[Page 7081]

Therefore be it resolved that this House congratulate fiddlers Buddy MacMaster, Carl MacKenzie, Howie MacDonald and David MacIssac, along with Scott MacMillan and the string quartet for their inspiring and energetic performance.

Mr. Speaker, I request waiver of notice.

MR. SPEAKER: There has been a request for waiver.

Is it agreed?

It is agreed.

Would all those in favour of the motion please say Aye. Contrary minded, Nay.

The motion is carried.

The honourable Leader of the Liberal Party.

RESOLUTION NO. 2645

MR. RUSSELL MACLELLAN: Mr. Speaker, I hereby give notice that on a future day I shall move the adoption of the following resolution:

Whereas school board initiatives aimed at assisting Black and marginalized students will be cut by 75 per cent; and

Whereas the Tory Education cuts will cause a significant loss of Black teachers, student support workers, educational support staff and race relations officers; and

Whereas having teachers from many segments of society provides role models for minority students and gives all students a more balanced view of society while breaking down damaging stereotypes;

Therefore be it resolved that the Tory Government be condemned for ignoring the needs of minority Nova Scotians.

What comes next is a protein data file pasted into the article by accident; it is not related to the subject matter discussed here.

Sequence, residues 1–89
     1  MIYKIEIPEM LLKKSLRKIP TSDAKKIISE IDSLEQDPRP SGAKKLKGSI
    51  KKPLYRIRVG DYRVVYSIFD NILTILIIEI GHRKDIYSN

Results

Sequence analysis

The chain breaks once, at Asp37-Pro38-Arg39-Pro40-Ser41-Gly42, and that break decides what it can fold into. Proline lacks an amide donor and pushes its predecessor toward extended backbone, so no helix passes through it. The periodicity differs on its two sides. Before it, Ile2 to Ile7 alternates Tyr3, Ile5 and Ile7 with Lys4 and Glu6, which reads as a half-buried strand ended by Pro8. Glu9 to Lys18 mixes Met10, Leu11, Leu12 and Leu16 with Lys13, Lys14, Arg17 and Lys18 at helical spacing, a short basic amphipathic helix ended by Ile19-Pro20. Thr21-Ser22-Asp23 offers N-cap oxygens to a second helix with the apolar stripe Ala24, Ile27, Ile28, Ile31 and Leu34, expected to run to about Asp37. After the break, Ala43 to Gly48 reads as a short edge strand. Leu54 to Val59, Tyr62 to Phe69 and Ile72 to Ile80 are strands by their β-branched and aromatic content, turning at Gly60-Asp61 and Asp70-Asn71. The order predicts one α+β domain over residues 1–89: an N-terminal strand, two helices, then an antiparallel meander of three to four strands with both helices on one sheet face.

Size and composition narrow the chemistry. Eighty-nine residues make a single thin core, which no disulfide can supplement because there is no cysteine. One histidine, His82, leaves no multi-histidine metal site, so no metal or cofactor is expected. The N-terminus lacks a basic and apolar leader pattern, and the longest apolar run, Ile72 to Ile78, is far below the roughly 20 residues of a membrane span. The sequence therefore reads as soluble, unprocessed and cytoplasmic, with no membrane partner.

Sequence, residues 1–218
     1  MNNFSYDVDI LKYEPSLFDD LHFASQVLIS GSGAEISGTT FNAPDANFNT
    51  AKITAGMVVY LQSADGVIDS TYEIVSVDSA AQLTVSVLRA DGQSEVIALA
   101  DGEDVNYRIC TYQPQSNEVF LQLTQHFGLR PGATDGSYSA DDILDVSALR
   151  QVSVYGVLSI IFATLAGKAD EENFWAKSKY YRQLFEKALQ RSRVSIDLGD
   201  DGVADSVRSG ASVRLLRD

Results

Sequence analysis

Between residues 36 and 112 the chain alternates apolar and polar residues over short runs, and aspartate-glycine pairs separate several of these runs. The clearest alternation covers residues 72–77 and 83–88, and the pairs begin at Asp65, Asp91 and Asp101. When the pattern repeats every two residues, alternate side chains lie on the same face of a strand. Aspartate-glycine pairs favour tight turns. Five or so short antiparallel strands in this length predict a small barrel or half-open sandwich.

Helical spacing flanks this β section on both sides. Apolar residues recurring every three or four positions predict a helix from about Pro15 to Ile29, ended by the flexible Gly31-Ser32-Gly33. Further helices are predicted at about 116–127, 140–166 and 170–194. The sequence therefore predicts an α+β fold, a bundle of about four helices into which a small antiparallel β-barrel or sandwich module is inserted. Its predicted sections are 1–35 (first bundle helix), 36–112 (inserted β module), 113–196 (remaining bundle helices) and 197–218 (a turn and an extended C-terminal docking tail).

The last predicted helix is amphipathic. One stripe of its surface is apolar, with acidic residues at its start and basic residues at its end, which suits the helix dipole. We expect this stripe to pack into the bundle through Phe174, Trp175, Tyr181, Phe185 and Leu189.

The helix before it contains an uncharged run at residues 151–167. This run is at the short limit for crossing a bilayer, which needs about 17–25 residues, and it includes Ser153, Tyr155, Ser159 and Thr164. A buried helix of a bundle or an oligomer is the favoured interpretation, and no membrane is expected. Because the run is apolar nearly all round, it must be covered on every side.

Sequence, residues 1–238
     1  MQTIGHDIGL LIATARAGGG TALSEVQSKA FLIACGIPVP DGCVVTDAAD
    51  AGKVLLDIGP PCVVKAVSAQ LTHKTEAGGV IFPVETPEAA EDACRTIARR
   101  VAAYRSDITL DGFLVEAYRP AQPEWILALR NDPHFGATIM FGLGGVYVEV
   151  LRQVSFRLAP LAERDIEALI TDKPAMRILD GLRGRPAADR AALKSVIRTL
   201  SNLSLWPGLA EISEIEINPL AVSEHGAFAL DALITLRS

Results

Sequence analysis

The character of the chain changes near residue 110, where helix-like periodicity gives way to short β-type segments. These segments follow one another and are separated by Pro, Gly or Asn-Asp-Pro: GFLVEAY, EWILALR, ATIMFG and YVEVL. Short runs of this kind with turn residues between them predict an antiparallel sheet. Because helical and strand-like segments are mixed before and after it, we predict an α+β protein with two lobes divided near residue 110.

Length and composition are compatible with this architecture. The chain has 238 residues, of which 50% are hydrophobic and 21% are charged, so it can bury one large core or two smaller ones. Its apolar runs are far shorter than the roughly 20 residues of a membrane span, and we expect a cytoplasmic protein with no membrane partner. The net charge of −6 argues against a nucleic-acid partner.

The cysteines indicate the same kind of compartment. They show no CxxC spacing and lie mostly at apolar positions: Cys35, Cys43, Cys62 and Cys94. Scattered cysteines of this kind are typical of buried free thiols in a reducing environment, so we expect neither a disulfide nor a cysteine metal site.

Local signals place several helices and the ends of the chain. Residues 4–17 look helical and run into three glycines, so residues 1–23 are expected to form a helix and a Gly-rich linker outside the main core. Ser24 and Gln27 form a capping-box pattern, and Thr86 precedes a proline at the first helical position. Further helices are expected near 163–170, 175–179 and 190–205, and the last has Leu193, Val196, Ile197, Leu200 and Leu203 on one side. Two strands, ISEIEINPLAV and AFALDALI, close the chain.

Mr. Speaker, I request waiver.

MR. SPEAKER: There has been a request for waiver.

Is it agreed?

I hear a No.

[Page 7082]

The notice is tabled.

The honourable member for Halifax Fairview.

RESOLUTION NO. 2646

MS. EILEEN O'CONNELL: Mr. Speaker, I hereby give notice that on a future day I shall move the adoption of the following resolution:

Whereas one of the shortest sentences in last fall's Throne Speech was, "Education holds the key."; and

Whereas Nova Scotians are indeed learning this government's true colours from the way it is handling the public education budget; and

Whereas Nova Scotians, unlike this government recognize, ". . . the important role of education and training in building strong Nova Scotian communities.", as the Throne Speech said;

Therefore be it resolved that the Minister of Education and other ministers, who hope that a reprieve from this House will give them an opportunity to repair their image, should recognize that in an open society they cannot long escape public scrutiny and judgement.